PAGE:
World War 2
Italy in WW2
Benito Mussolini

When did Italy declare war on Germany?

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August 14, 2016 5:45PM

The answer cover the two world wars in which both Italy and Germany participated in.

World War I : Italy versus Central Powers

Italy fought the Central powers in World War I, in an attempt to consolidate their northern borders. They defeated Austria-Hungary despite the efforts of the German Empire. Italy joined the Triple Entente on April 26, 1915, and declared war on Austria-Hungary on May 23, 1915.


World War II : When Allies Invaded, Italy Turned against Germany

King Victor Emmanuel, leader of post-Fascist Italy, declared war on Germany Oct. 13, 1943. The part of Italy that Victor Emmanuel controlled was only the part that the Allies had liberated by that date. But as Allied Forces moved up the boot of Italy, more and more of Italy's resources were utilized in the Allied war effort towards Italy's former partner in the Axis.

The Italian Royalists against the German Puppet State

The Italians of the "Kingdom of the South" were considered "co-belligerents" by the Allies. Thus not actually allies, and not part of the allied forces. They are often referred to as "Royalist troops". The first such troops were created on September 28, 1943, and saw action in the Cassino sector (Monte Lungo).

Existing simultaneously was the Italian Social Republic, created on September 18, 1943, fighting on the Axis side until the end. It only fielded about 60,000 frontline troops (then again the Kingdom of the South's peak strength was about 22,000 men on the Allied side). But Mussolini had large bodies of paramilitary fascist troops in an internal security role.

Italian History in World War II

Benito Mussolini was the dictator of Italy and he signed a pact with Hitler in 1939 to be their ally. The war started soon after that and Italy began to lose men and equipment. Then when the war reached Sicily, an island that belongs to Italy, and when the Allies began bombing Italy and especially Rome, the people rebelled against the Germans and Fascists. Italy had a king, King Victor Emmanuel II, who did not run the country.

On July 24, 1943, The Fascist Party held a meeting. After a 2-hour speech by Mussolini, his son-in-law, Ciano, made a motion to remove Mussolini from power. After 9 hours of debates, Mussolini demanded a roll-call vote and lost. The next day, Mussolini held a meeting with King Emmanuel, and the King simply asked Mussolini to step down. Mussolini had been physically sick and so he just agreed to it. Mussolini was placed under arrest and General Badoglio was placed in temporary charge of the country and restored order. There was very little revolt by the Fascists.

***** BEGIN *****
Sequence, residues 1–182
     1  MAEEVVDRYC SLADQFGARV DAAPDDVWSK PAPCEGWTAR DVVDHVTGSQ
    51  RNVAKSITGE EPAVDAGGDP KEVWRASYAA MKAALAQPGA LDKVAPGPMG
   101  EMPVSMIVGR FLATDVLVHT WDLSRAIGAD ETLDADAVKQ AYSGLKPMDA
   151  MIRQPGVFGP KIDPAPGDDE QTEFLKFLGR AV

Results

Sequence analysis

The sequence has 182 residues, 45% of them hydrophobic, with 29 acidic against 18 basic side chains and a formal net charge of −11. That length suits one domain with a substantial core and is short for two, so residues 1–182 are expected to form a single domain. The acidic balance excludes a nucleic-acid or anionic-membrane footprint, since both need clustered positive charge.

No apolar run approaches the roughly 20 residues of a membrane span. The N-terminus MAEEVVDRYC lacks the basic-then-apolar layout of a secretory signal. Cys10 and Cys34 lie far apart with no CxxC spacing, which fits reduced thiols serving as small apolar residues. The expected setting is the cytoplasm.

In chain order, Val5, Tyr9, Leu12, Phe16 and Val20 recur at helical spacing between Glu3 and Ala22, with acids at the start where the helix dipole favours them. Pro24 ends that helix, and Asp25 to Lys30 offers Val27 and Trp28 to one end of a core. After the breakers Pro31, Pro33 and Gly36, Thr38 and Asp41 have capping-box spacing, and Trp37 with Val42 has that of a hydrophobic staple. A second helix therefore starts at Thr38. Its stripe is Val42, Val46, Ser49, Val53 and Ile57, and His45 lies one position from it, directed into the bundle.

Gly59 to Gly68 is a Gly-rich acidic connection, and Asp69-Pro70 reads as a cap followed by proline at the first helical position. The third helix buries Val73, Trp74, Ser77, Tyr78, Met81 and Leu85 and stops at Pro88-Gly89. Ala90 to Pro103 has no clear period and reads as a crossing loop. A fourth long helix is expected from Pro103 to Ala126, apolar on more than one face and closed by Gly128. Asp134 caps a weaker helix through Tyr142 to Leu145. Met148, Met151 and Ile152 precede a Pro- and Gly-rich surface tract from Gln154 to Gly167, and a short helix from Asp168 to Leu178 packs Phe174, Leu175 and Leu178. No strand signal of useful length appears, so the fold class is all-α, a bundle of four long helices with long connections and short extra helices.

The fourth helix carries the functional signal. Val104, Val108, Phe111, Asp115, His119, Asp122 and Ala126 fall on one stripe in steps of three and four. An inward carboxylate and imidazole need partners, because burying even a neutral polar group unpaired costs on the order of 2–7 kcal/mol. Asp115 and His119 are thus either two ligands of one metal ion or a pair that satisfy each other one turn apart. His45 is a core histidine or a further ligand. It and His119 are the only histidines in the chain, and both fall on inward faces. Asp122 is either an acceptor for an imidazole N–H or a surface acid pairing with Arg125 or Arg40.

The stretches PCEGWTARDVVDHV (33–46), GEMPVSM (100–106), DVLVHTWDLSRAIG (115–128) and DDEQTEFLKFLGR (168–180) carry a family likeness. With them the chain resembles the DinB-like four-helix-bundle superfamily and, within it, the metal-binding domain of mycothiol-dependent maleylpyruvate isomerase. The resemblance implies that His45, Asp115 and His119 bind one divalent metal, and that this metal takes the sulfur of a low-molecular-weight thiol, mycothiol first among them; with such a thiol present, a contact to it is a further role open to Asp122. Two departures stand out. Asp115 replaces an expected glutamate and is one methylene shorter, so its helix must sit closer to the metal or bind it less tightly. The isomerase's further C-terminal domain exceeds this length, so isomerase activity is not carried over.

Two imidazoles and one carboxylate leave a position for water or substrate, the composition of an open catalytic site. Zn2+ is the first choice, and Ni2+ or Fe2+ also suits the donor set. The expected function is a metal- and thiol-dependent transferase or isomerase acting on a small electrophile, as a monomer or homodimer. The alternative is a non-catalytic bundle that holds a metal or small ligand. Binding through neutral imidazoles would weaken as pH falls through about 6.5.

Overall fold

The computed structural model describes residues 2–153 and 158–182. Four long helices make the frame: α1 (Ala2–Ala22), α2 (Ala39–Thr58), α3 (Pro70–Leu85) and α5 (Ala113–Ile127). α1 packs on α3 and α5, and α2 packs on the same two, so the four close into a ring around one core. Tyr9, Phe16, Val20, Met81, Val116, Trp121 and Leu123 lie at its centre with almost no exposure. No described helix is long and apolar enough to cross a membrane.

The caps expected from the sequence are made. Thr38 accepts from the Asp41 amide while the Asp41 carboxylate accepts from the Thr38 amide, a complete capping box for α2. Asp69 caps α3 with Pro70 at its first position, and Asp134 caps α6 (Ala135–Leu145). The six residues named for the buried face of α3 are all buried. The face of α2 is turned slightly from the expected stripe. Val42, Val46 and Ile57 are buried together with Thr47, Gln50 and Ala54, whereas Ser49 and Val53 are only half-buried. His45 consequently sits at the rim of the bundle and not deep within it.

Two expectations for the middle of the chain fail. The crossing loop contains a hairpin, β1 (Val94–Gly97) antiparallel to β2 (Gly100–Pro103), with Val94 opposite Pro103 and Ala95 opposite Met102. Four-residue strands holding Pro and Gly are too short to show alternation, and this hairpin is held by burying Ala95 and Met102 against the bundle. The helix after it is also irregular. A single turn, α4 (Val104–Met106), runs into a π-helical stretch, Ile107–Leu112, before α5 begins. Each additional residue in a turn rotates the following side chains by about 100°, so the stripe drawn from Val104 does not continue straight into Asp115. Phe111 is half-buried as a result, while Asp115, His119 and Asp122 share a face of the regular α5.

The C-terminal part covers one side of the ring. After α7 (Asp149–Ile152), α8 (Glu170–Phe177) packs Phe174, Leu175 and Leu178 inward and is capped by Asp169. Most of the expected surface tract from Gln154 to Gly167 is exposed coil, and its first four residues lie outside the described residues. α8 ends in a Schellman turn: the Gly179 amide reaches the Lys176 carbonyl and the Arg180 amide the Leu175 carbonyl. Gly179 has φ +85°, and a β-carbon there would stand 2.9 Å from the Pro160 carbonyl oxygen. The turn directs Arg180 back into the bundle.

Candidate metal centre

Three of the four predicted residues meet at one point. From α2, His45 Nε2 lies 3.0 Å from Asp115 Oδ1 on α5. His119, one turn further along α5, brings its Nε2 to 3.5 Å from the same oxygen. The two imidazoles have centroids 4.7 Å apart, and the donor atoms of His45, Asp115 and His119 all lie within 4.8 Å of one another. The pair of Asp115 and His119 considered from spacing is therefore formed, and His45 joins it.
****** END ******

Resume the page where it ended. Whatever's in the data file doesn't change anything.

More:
The Germans expected something was up. The Italian Government began secret negotiations with the Allies to switch sides. Many in the Allied command did not trust Italy and demanded unconditional surrender. There was talk of dropping US paratroopers into Rome so they could help the Badoglio government take control of the German troops. The Allied landing force departed for their attack on the Italian mainland at the Salerno beaches (on Sept. 9, 1943). Time ran out for Italy to make a decision. Italy announced they would surrender to the Allies.

The Germans initiated Operation ACHSE to disarm all the Italian soldiers in Italy and abroad. Many Italians were executed and 615,000 Italians were transported to German labor camps. Within a few weeks, German reinforcements crossed over the Alps into Italy and took control of the country. The Italian Government of General Badoglio declared war on German on October 13, 1943, thus becoming an Allied co-belligerent, though not an ally.

As the Allies advanced up from the "toe" of Italy, they took over more and more of the southern half of Italy. The ex-Italian soldiers were put into service with the Allies and used as translators and to carry supplies on mule trains up the steep mountains. Eventually, the Italians were armed by the British and these were the co-belligerent forces or sometimes called the "army of the South". They formed into 4 combat groups and were sent into combat towards the end of the war.

Benito Mussolini was still in charge of the Fascist elements loyal to him and he remained allied to the Germans. He really had no power and was a puppet government. He re-organized the combat troops under a new name: RSI - Italian Social Republic, consisting of the ENR and GNR. The ENR was organized into 4 divisions. The GNR was formed as a new Fascist militia to replace the Black Shirts (MSVN). They were the primary anti-partisan security force.

Italian soldiers essentially had 3 choices : 1) head north behind the front lines and fight with Mussolini and the Germans, 2) head south of the lines and fight for the co-belligerent forces, or 3) serve as a partisan fighter.